Walking around Creel and Gow, I marveled at the rare but not endangered species preserved in lifelike taxidermies, each having died of natural causes. One of my favorites was the vulturine guinea fowl, a large black bird with subtle touches of blue and purple feathers, and I found myself staring at the set of skull-shaped billiard balls for more than a few moments. The heart of this unique shop started in 1996 with silver-plated Ruzetti and Gow seashells. Italian-imported, the shells were strongly demanded as elegant, nostalgic glorifications of Mother Nature. In 2012, the boutique was rebranded under partners Jamie Creel, an avid collector, and Christopher Gow, a sculptural specialist, to be devoted entirely to rare and exotic nature-related finds. The co-owners' favorite part of the business is traveling around the world in pursuit of extraordinary objects. "We look for the weird and wonderful, " Jamie explained. A malachite set of obelisks, customarily gifted for university graduates, was sourced from Congo, a classical lapis lazuli box from Afghanistan, and coral pieces from dead reefs in the Solomon Islands. "We supply gifts for people who are difficult to buy for, " Christopher commented. A fully preserved zebra stands proudly in the back, a glass case conceals a deconstructed lobster and, perhaps the oldest item in the shop, a fossil of sea urchins comes from the Mesozoic era. "We have everything, " he added. If it fits the category of mineral, plant or animal, they certainly do.
With an affinity for gems from 1835 to the 1980s, and having been involved in this trade for nearly two decades, Lara Kornbluh entered the retail business in 2013. Much of her focus is on Egyptian revival jewelry, and the serpent emblem even appears in the Icon Styles logo, but rare finds from well known designers and intriguing pieces with a breadth of color, texture and design also make their own statements. "I can only sell things I truly like, " Lara expressed, sporting tasteful vintage accessories including one of her many sets of whimsical eye glasses. With a degree in Fine Arts with a concentration in Metalsmithing, she certainly has an eye for unique finds and understands how to properly care for and restore them. Beaded bags bask with a one-of-a-kind glow and precious jewels sit behind restored glass cases from the 1920s, relics of the location's former life as an apothecary. Lara entertained me for quite some time as she removed stunning and fascinating pieces from her collection, including butterfly wing jewelry from the 1920s that appeared to come straight out of a fairytale, glistening a stream of colors when set to the light. I was in awe of a pair of gold Georgian earrings from the 1850s that were finished with a rose cut diamond, and a Victorian French jet snake wrap-around from the1880s that Lara told me symbolizes eternal love. Included in Lara's charming boutique are elegant dresses from days gone by. But now, each piece can be reborn, expressing new generations and new venues. I could only imagine the types of occasions these ornate garments and accessories had experienced - jazz clubs, dances, and nights out on the town. They come from a period of less consumption, when each purchase was regarded as an investment into one's projected image.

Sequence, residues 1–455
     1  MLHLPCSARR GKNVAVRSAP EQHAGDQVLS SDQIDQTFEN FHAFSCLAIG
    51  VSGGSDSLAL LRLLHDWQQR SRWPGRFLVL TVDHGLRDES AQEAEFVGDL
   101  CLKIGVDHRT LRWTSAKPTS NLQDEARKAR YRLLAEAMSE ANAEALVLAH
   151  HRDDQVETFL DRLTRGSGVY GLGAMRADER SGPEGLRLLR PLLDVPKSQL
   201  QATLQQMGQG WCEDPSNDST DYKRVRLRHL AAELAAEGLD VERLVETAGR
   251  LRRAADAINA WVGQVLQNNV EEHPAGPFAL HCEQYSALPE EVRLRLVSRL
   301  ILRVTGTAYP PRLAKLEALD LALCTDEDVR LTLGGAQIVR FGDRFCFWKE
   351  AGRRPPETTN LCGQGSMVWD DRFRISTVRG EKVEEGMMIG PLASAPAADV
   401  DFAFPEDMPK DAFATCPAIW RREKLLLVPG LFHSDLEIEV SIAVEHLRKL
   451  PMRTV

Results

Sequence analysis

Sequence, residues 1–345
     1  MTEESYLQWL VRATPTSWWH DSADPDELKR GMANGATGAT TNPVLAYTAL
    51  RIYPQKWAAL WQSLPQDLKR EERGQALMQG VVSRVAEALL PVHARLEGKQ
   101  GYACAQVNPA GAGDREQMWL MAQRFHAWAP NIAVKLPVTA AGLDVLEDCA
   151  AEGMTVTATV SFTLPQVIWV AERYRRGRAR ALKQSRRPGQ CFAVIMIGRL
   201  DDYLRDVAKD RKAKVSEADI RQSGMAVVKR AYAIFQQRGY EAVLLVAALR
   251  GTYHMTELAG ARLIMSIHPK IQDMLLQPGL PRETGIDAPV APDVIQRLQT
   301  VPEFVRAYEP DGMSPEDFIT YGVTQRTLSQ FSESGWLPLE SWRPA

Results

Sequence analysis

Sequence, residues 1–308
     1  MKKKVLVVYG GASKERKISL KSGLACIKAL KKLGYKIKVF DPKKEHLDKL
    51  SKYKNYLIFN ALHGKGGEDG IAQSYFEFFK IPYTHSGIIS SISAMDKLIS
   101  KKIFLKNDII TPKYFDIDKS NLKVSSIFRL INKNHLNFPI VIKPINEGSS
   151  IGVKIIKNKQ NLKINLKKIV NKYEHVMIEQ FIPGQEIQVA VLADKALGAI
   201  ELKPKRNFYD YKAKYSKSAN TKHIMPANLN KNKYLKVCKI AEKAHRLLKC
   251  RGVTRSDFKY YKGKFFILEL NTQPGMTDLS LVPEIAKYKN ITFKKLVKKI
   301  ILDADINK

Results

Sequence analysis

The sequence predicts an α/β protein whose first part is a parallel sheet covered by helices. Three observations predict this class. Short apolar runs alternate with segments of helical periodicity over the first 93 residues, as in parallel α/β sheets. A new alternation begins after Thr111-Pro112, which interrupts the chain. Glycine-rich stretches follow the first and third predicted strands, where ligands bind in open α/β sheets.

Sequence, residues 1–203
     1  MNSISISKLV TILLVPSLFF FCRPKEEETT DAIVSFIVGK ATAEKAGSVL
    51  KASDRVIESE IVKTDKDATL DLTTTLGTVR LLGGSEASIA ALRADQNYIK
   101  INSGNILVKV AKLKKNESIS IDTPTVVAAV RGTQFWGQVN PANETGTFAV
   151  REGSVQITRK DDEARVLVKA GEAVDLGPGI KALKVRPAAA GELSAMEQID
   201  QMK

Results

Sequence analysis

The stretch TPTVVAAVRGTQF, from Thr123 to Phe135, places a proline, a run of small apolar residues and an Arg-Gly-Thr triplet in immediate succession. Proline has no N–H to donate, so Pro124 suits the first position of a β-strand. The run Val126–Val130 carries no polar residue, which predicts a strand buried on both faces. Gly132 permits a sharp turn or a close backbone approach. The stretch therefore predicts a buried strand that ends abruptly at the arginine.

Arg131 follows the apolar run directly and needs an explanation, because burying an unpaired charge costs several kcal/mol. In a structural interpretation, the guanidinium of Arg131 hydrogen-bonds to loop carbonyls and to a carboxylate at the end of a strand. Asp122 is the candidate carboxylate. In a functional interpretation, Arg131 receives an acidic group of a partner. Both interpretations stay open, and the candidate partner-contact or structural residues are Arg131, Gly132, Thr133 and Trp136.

I have lived on the Upper West Side for several years, but it was not until I walked on 70th Street one evening that I discovered Shalel. It is tucked away down a set of stairs with no signage during the daytime. Curious what this was, I descended the steps lined with rose petals and herbs, and entered what seemed like a magical cave, decked out in Moroccan décor and candles. There were secret nooks behind curtains and around corners filled with pillows, couches and tapestries. In the back, erupting from a mysterious darkness, was the fountain for which the restaurant is named - Shalel means “fountain” in Arabic. When I visited with the Manhattan Sideways team, I was able to learn the history of the restaurant from the owner. Vasilis Katehis, who hails from Greece, bought the basement space in 2000. “It was terrible, ” he said, describing an uninhabitable, dark piece of real estate that apparently had never been used for anything except storage. He began by lowering the floors by a foot and exposing the sheet rock, which he cleaned. The waterfall, he explained, used to be a pile of dirt. Despite the difficulty of the project, Vasilis greatly enjoyed the endeavor, since he considered it a labor of art. “I like anything having to do with design, décor, and poetry, ” he lyrically stated. “I had a vision. ” By the time Vasilis was done with the renovation, the difference between the beginning and end product was “like night and day. ” Even though the nooks and crannies had all existed before - and Vasilis's vision was to do “the unfinished thing, ” - he succeeded in completely transforming a basement into a romantic restaurant. Shalel immediately attracted customers, drawn to the idea of an underground eatery. Initially, it used to be more of “a date place, ” but in 2015, Vasilis told me that he tends to attract an older clientele. He also shared with me that he is the mastermind behind the entire menu, which is Mediterranean with an emphasis on Moroccan cuisine. As for Vasilis’s own background, he recounted, “I grew up as a farmer and a fisherman, ” and then added that he knows how to make both olive oil and wine, thanks to his upbringing on a tiny Greek island without a name. “For us, it was natural. ” Though he had other restaurants scattered around New York, Vasilis has sold them, with the exception of Shalel. He casually mentioned that he hopes to drift into semi-retirement and spend more time in Greece restoring his olive groves. It is unclear what the neighborhood would do without him, though. As he declared, “They know me on the Upper West Side. ” We had a long chat about the local businesses in the area, including those that have had to shutter over the years. After discussing raising rents, fallen culinary comrades, and the future of New York, Vasilis turned to me and added something rather poetic - If worse comes to worst, “We can all just go back to making olive oil. ”